Duke plans energy storage expansion for South Carolina hydro plant
- Duke Energy wants to increase the energy storage capacity of its Bad Creek Pumped Storage Hydroelectric Station in South Carolina by 200 MW, though the timing of the upgrade remains uncertain.
- The utility last week celebrated the 25th anniversary of the plant, which is built inside of a mountain in northwest South Carolina.
- Last month, federal regulators issued a new 30-year operating license for Duke's Keowee-Toxaway Hydroelectric Project, which generates more than 850 MW.
Stories about Duke's Bad Creek plant tend to focus on its unique design. The utility's own Illumination news site calls it "the marvel in the mountain" and acknowledges it looks like a movie villain's underground lair. The Greenville News calls it "an engineering marvel."
Built 600 feet below the surface, inside of a mountain, the plant produces more than 1,000 MW of energy and the utility is looking to expand on that. Sometime in the 2021-2024 timeframe, Duke plans to add another 200 MW of storage, as well as replacing the plant's turbines.
There is a renewed focus on hydroelectricity, as the United States transitions to more renewable power.
This summer, the Department of Energy issued a report that concluded the country has about 50 GW of untapped hydropower, mostly through pumped storage projects, that could provide more than 35 GW of capacity. Overall, the country's hydro potential would reduce greenhouse gas emissions by 5.6 billion metric tons, DOE said.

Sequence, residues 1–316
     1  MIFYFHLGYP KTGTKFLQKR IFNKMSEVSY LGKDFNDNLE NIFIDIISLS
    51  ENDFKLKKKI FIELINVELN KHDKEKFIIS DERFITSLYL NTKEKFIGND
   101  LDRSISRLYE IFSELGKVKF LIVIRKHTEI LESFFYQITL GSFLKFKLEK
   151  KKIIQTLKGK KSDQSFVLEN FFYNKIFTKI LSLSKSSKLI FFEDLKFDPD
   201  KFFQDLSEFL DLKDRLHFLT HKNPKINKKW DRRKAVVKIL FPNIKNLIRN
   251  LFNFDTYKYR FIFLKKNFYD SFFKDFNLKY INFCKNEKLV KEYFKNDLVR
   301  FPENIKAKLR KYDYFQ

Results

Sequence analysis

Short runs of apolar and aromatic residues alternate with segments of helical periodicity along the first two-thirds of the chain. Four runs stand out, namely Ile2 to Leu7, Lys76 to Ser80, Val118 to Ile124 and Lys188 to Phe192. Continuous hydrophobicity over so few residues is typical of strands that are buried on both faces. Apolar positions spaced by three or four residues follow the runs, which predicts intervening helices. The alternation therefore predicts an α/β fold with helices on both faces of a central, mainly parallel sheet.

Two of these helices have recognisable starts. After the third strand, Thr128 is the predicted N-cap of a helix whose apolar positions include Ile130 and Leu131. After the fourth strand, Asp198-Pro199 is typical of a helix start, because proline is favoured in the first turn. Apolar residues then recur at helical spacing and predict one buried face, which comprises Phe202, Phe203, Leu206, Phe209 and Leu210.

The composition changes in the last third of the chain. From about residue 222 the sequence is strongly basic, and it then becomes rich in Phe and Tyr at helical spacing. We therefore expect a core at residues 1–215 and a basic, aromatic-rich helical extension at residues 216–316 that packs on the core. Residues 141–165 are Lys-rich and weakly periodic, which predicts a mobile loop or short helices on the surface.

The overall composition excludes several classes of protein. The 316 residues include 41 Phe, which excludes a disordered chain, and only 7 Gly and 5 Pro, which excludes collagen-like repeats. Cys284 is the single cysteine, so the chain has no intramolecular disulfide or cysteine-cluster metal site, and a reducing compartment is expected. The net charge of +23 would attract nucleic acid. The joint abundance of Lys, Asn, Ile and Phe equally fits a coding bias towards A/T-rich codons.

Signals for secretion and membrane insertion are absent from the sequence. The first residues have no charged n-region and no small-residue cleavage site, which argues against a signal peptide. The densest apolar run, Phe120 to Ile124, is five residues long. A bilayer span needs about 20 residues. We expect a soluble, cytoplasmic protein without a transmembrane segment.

The report estimated hydropower could grow from its current 101 GW capacity in the United States to nearly 150 GW by 2050.
The hydropower industry, however, is pressing Congress to extend tax credits for their facilities, saying they need assistance to compete with wind and solar which have already had their credits extended.
About 35 miles to the south, Duke also operates the Keowee-Toxaway Hydroelectric Project which federal regulators recently OK'd to operate for an additional three decades. The project begins with Lake Jocassee in North Carolina and South Carolina, and flows into Lake Keowee then downstream to the Army Corps of Engineers' Lake Hartwell Project, according to Duke's description of the project.
Follow Robert Walton on Twitter